World

Latino Farmers Have Last Chance To File Discrimination Claims Against USDA

WEST BEND, WI - SEPTEMBER 29: Robert Roden harvests a soy bean field on the Rob-N-Cin farm on September 29, 2010 in West Bend, Wisconsin. The farm has roughly 400 head of cattle and about 1,800 acres of crop land, and has diversified with a harvest around 1,800 acres of corn, soy and alfalfa that helps maintain any short comings that the milk industry may bring. The Rodens like many other dairy farmers are still struggling to recover from last year's devastating milk prices that were nearly $5 dollars per 100 weight bellow the number needed to break even for sales.  The dairy industry in Wisconsin is a huge integral cog in the state economic wheel that brings in roughly 26 billion dollars annually and is more important to the state then Citrus is to Florida and potatoes are to Idaho combined. It is stated that roughly each dairy cow in Wisconsin brings in about $16,000 of economic activity outside of the farm.  (Photo by Darren Hauck/Getty Images)

WEST BEND, WI - SEPTEMBER 29: Robert Roden harvests a soy bean field on the Rob-N-Cin farm on September 29, 2010 in West Bend, Wisconsin. The farm has roughly 400 head of cattle and about 1,800 acres of crop land, and has diversified with a harvest around 1,800 acres of corn, soy and alfalfa that helps maintain any short comings that the milk industry may bring. The Rodens like many other dairy farmers are still struggling to recover from last year's devastating milk prices that were nearly $5 dollars per 100 weight bellow the number needed to break even for sales. The dairy industry in Wisconsin is a huge integral cog in the state economic wheel that brings in roughly 26 billion dollars annually and is more important to the state then Citrus is to Florida and potatoes are to Idaho combined. It is stated that roughly each dairy cow in Wisconsin brings in about $16,000 of economic activity outside of the farm. (Photo by Darren Hauck/Getty Images)  (2010 Getty Images)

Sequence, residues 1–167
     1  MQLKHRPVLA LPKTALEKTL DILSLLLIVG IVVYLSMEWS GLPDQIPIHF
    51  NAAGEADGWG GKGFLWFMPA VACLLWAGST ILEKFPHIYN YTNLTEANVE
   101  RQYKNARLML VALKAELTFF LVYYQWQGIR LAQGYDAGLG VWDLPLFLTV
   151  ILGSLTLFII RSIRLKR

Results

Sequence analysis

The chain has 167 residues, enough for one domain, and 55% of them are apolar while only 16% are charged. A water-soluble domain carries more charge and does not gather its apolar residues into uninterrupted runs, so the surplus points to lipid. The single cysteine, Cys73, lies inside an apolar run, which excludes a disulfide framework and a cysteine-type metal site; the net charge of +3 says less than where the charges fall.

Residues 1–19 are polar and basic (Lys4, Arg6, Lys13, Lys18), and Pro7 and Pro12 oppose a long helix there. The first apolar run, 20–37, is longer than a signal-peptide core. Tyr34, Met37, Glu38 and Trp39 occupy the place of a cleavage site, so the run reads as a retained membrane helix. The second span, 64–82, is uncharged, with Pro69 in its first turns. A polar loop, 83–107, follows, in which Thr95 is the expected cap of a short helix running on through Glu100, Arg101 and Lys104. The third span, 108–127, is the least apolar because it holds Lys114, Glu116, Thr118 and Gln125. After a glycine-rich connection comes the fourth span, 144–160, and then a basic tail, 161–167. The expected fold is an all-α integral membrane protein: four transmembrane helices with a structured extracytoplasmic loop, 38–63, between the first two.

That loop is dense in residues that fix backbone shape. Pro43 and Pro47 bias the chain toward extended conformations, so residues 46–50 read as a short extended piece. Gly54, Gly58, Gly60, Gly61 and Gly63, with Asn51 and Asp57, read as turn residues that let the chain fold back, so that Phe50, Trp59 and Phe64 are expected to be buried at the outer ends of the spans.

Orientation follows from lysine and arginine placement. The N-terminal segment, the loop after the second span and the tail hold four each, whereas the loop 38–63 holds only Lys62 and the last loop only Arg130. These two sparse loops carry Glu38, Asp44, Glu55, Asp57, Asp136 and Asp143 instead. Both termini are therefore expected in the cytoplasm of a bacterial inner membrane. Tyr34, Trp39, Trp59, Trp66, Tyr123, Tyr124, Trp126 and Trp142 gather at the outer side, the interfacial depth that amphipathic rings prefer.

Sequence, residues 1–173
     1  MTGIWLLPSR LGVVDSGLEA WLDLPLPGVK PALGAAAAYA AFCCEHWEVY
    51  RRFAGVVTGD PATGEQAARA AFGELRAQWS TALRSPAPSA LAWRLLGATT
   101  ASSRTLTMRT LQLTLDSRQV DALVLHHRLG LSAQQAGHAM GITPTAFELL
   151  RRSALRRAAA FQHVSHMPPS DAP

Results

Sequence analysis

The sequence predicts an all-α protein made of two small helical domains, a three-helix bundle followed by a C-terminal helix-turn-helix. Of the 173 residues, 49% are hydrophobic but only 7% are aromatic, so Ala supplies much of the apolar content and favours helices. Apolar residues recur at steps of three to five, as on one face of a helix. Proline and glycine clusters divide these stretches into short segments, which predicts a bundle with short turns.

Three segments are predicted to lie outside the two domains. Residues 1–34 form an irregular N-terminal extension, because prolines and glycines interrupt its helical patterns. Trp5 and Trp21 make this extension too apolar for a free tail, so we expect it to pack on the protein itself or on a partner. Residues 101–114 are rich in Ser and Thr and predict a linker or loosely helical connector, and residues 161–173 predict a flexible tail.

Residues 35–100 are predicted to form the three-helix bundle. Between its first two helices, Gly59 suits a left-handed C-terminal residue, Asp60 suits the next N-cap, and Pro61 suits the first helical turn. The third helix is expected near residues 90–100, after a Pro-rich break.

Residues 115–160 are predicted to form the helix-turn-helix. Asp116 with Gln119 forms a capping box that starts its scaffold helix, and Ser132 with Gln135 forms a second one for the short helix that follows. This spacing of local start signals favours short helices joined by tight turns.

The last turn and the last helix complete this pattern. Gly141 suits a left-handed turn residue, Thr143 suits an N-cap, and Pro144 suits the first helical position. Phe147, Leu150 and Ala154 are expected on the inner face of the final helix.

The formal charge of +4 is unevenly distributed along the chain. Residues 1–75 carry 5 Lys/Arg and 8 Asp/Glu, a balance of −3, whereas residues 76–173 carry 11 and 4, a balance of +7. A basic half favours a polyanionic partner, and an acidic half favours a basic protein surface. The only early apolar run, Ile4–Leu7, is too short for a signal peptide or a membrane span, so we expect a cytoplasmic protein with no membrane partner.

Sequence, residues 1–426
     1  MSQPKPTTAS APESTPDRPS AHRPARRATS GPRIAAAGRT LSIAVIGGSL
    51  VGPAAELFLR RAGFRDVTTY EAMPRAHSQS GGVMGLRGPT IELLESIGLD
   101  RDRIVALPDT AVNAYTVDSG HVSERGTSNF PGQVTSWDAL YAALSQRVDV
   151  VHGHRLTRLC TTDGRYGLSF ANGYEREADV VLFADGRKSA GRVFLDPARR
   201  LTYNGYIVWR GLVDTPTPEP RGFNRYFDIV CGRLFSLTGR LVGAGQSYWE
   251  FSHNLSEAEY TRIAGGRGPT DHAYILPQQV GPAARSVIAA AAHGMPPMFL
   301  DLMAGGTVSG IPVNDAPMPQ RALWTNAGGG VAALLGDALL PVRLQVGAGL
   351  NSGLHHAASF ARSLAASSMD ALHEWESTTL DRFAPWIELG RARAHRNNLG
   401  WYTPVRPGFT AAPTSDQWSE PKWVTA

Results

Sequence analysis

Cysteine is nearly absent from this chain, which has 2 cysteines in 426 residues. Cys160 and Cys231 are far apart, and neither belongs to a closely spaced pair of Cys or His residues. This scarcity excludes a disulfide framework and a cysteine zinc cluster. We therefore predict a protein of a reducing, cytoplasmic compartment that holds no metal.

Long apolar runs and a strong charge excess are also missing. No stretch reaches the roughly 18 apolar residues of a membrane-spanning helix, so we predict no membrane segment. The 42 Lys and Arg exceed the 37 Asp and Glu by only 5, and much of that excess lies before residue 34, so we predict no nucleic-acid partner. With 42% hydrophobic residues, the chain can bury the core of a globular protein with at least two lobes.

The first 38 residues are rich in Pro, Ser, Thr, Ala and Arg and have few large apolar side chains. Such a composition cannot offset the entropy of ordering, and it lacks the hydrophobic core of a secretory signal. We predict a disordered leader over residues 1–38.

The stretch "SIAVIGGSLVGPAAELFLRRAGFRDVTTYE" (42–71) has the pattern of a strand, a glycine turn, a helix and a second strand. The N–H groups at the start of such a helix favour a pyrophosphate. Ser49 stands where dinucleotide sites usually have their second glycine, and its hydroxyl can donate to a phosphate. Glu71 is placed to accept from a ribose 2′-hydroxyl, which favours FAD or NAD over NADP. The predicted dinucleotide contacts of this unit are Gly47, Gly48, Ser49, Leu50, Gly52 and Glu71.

Time is running out for Hispanic and women farmers who claim they have been victims of discrimination by the Department of Agriculture within the past two decades.

Claims will only be accepted until March 25th and, if successful, will give the suers a chance to receive a cash payment or loan forgiveness. 

The process offers a voluntary alternative to litigation for each Hispanic or female farmer and rancher who can prove that USDA denied his or her application for loan or loan servicing assistance for discriminatory reasons for certain time periods between 1981 and 2000.

In a statement released Friday, Agriculture Secretary Tom Vilsack reminded the public of the upcoming deadline. "USDA urges potential claimants to contact the Claims Administrator for information and mail their claim packages," he said.

The voluntary claims process will make available at least $1.33 billion for cash awards and tax relief payments, plus up to $160 million in farm debt relief, to eligible Hispanic and women farmers and ranchers. There are no filing fees to participate in the program.

More On This...

Latinos have claimed for years that they have been discriminated against by the USDA, specifically denied loans because of their ethnicity.

In recent years the USDA has paid money to Native-Americans and African-Americans for discrimination.

The Department said in a statement that they will continue reaching out to potential Hispanic and female claimants around the country to get the word out to individuals who may be eligible for this program so they have the opportunity to participate.

Follow us on twitter.com/foxnewslatino
Like us at facebook.com/foxnewslatino